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Molvig, Kim, 22.012 Seminar: Fusion and Plasma Physics, Spring 2006. (Massachusetts Institute of Technology: MIT OpenCourseWare),  (Accessed 07 Jul, 2010). License: Creative Commons BY-NC-SA

Seminar: Fusion and Plasma Physics

Spring 2006

The Tokamak is the most developed fusion concept.
Fusion is an attractive domestic energy source. The most developed fusion concept is the Tokamak, shown in this image. (Image courtesy of the Department of Energy, Office of Fusion Energy Sciences.)

Course Highlights

This course features a partial set of lecture notes and sample student projects in the assignments section. In addition, Web resources supplementing class materials are available in the related resources section.

Course Description

This course uses lectures and discussion to introduce the range of topics relevant to plasma physics and fusion engineering. An introductory discussion of the economic and ecological motivation for the development of fusion power is also presented. Contemporary magnetic confinement schemes, theoretical questions, and engineering considerations are presented by expert guest lecturers. Students enrolled in the course also tour the Plasma Science and Fusion Center experimental facilities.


Course Description

Fusion Energy has the potential to provide almost unlimited amounts of electric power with minimal environmental impact. This seminar covers a range of plasma and fusion energy topics, including discussion of the Global Energy Picture, the Physics of Fusion, Fusion Reactors and Tokamaks. A Tour of the Plasma Science and Fusion Center including the Alcator C-MOD Tokamak is part of the seminar. In addition, other fusion related topics are discussed including Plasma Rockets for Manned Space Missions and Plasma Fuel Converters for Environmentally Improved Cars and Trucks.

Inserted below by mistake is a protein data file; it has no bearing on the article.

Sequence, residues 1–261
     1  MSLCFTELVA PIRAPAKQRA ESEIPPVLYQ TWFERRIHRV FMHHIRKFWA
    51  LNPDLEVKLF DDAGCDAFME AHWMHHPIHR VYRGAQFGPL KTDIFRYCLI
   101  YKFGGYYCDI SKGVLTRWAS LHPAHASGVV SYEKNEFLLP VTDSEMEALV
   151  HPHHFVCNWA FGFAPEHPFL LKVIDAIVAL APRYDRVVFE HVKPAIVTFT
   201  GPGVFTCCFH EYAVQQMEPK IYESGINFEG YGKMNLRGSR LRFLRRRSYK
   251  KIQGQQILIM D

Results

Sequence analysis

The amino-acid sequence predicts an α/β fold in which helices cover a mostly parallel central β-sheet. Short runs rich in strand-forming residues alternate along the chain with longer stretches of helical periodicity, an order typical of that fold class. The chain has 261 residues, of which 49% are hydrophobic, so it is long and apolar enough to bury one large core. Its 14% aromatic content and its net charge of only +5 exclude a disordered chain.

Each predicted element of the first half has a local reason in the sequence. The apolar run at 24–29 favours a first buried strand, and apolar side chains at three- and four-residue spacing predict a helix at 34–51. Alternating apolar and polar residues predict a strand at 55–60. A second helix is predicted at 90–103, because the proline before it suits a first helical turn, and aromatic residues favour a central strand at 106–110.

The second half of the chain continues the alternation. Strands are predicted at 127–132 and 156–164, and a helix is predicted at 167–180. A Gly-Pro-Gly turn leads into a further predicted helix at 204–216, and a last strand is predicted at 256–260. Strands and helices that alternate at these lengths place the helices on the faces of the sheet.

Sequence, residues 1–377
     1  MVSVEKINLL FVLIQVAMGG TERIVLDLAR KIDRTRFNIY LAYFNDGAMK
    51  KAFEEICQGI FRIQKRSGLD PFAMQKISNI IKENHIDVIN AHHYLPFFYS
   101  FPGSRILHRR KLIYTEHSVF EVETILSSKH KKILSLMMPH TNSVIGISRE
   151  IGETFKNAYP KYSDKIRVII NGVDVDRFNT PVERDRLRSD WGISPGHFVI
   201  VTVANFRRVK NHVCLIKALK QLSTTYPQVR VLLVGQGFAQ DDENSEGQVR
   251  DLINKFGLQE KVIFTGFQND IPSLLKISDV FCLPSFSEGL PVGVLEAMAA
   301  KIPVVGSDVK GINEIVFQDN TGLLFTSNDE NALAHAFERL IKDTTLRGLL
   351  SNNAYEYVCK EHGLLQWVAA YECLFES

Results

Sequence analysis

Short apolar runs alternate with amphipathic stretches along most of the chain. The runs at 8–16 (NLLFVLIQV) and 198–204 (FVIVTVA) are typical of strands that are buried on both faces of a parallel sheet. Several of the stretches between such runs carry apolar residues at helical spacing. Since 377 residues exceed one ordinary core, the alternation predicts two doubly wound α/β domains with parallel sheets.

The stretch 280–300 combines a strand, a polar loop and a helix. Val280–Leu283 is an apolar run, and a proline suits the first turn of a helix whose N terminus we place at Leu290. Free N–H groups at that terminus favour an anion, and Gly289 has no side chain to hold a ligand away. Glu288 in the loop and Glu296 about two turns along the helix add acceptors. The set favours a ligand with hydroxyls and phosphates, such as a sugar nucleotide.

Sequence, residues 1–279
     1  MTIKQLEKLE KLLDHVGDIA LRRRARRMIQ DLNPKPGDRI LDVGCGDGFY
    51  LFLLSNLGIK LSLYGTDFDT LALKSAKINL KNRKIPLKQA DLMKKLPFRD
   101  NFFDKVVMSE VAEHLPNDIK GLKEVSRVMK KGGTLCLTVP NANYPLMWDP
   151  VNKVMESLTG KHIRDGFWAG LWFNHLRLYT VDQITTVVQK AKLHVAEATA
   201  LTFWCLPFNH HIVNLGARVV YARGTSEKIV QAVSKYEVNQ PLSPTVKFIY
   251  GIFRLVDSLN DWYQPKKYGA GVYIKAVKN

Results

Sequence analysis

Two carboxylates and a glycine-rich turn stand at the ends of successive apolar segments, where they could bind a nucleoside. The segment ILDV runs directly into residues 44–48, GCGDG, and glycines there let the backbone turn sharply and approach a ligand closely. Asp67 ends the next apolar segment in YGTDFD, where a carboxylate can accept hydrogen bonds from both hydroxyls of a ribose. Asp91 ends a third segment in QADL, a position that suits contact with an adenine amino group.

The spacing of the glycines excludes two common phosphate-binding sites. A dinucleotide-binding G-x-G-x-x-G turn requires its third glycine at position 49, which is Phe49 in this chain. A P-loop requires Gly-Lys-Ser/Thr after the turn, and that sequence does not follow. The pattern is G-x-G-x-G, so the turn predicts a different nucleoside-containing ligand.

Course Requirements

Attendance and participation are a significant part of the final grade in this course so students are expected to attend all class sessions. There are no problem sets, exams, or required textbooks for the course. There will be a short term paper, of 1 to 10 pages (or Microsoft® PowerPoint® equivalent), on one of the subjects discussed in class. Students may pair up for this project. The term papers and presentations are due in class on Lec #13 and Lec #14.


The final grade for the course will be based on the following:

activities percentages
Term Paper 40%
Attendance and Participation 60%


This section contains the schedule of topics for the course.

Lec # topics instructors
1 Global Energy Picture Prof. Molvig
2 Nuclear Physics of Fusion Prof. Molvig
3 Physics of Magnetic Confinement Prof. Molvig
4 Alcator C-MOD and LDX (Levitated Dipole) Tour Ms. Andrea Schmidt
5 Fusion Reactors: The Ultimate Nuclear Power Plant Prof. Parker
6 Physics of Fusion Experiments Dr. Terry
7 Simulating Basic Plasma Physics with Computers Prof. Hutchinson
8 MHD for Fusion: Where Next? Prof. Friedberg
9 Plasma Rockets for Manned Space Missions Dr. Batischev
10 Fusion without Neutrons using p-B11 Fuel Prof. Molvig
11 Superconducting Magnets for ITER (International Tokamak Experimental Reactor) Dr. Minervini
12 Disruptions in Tokamaks Dr. Granetz
13 Paper Presentations and Discussions All
14 Paper Presentations and Discussions (cont.) All   Tell A Friend